NW | Zadie Smith

I like books that freestyle a bit, with some narrative to-ing and fro-ing, and playing with form and style, and that have people who are just people, and not much plot as such, just ordinary stuff that happens, sometimes stuff that makes sense and has a point and sometimes not, but you draw your own conclusions, make of it what you will, because such is life. I’m fine without a story or big characters. If these things are important to you, NW will annoy you, probably a lot.  

Reading this felt like reading Virginia Woolf. Not as in style – although Zadie Smith really makes the stream of consciousness her own here – but as in the weightless feeling of narrative untethered to A Series of Events, characters with no strong sense of self, and the setting an ever-shifting kaleidoscope, physically and experientially, that jolts from familiar and comfortable to horror and panic in a moment.

In NW just as much as any of Woolf’s big hitters, everything is conditional, uncertain, coming together and falling apart, and written just as evocatively. Ask not ‘What happens to this character?’, ‘Where is this storyline going?’ or ‘How does it end?’ Just admire the artistry of the author whose writing feels just like how things are, how time and people and places and feelings and thoughts are, how things come together and fragment, dissolve, re-form, ebb and flow.    

Virginia Woolf is like virtual reality for me. I’m not really interested in whether Mrs Dalloway’s party is a success or whether she should have married Peter Walsh, I’m just enraptured by the spooky word-magic that lets me float through virtual worlds, whoosh around London, drift in and out of people’s minds. And Zadie Smith does just the same in this book. She swoops and dives in and out of a little patch of London, showing us it in close up and from far away, in public, in private, past, present, rich, poor, order, chaos, multiple viewpoints, multiple voices, the feeling (as in Mrs Dalloway) that everything is held by a thread, could all fall apart at any moment.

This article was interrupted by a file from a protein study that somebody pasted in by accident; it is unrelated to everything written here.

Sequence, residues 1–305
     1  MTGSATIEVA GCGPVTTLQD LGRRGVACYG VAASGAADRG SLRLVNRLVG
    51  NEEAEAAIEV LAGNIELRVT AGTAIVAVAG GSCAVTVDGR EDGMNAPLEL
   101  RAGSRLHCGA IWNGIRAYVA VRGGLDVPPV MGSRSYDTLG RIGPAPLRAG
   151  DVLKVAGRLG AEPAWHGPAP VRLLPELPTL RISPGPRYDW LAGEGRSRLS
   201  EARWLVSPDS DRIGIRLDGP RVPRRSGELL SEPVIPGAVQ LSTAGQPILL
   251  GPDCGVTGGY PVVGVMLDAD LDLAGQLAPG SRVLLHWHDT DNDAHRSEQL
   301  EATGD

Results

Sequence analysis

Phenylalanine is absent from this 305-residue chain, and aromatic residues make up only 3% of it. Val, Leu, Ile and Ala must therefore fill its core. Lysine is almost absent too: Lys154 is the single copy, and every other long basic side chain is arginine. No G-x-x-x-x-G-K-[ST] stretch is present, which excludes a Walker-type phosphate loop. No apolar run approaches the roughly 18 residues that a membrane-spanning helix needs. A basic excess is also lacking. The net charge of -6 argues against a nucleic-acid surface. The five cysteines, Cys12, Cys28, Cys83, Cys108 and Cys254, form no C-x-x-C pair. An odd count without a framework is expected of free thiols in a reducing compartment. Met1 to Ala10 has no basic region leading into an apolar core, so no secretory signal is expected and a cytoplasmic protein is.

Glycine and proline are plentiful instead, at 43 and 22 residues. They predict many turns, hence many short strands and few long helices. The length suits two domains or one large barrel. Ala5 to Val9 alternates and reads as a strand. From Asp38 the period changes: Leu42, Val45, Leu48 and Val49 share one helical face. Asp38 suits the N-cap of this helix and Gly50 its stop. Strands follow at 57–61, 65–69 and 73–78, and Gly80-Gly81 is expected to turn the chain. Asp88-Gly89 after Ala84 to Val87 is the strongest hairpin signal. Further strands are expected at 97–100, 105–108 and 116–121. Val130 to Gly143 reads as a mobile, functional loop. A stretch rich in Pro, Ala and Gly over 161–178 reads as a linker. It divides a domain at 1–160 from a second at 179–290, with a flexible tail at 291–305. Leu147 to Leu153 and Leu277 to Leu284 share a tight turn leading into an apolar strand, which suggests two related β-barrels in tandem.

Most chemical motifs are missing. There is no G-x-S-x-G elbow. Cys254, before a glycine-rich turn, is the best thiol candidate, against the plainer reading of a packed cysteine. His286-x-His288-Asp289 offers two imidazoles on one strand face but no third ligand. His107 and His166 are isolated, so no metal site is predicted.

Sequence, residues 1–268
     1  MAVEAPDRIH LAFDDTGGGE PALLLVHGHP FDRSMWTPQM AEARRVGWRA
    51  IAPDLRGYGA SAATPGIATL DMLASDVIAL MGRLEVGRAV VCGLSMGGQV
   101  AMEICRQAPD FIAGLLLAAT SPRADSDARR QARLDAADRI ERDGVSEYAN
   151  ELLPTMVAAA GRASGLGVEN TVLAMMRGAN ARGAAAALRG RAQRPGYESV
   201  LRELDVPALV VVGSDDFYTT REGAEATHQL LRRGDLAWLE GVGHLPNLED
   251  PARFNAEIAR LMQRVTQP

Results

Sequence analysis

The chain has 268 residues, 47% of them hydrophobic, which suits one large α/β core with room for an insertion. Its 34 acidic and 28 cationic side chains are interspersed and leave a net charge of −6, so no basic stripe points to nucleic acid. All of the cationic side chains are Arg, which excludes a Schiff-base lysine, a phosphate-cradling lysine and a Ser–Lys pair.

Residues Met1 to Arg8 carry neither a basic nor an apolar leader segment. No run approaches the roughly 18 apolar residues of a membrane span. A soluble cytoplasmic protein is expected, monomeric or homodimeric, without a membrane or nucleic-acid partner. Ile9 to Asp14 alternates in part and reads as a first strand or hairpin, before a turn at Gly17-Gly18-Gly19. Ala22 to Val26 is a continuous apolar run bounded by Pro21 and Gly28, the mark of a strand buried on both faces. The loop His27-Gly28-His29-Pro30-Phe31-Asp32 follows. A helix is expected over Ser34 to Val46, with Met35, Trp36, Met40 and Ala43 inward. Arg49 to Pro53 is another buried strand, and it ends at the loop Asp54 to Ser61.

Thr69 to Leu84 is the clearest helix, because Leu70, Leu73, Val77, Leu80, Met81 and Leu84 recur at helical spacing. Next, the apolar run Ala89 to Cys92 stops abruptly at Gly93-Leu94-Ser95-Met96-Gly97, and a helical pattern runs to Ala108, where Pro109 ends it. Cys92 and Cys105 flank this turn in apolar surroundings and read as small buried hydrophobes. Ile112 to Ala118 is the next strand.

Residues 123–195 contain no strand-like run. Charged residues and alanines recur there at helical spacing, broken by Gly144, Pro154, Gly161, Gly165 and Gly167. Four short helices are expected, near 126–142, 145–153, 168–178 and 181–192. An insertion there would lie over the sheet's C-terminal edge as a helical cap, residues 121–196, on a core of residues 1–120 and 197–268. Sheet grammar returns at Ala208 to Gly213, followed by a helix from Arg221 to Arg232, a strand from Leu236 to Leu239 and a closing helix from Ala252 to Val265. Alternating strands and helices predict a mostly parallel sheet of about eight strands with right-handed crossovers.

Fictional characters are fictional so it doesn’t matter what happens to them because they don’t exist. They are not my new imaginary friends. They are figures in a piece of art, no different to an apple or a bottle in a still life, or an instrument in an orchestra, there to serve a purpose in the whole. I read for the artistry of the whole thing, ie the book as a work of art. The purpose of reading NW is not for me to decide whether I warm to the personalities or endorse the moral choices of the characters*. It’s about appreciating the work of the artist/author in creating (in this case) a truthful multifaceted multi-everythinged complex messy slice of life out of some dialogue, a few relationships, a few events, some narration and observations, some interior thoughts, some settings and imagery, some structural cleverness, and to alchemise these – using only words – into a virtual world that I can whoosh around. I don’t compare just anyone to Virginia Woolf, who is my ultimate boss level author, so from that you can deduce that I thought NW was seriously good shit and chapeau Zadie Smith.  

* Although I think asking myself ‘Why does X in this book make me feel Y?’ is important.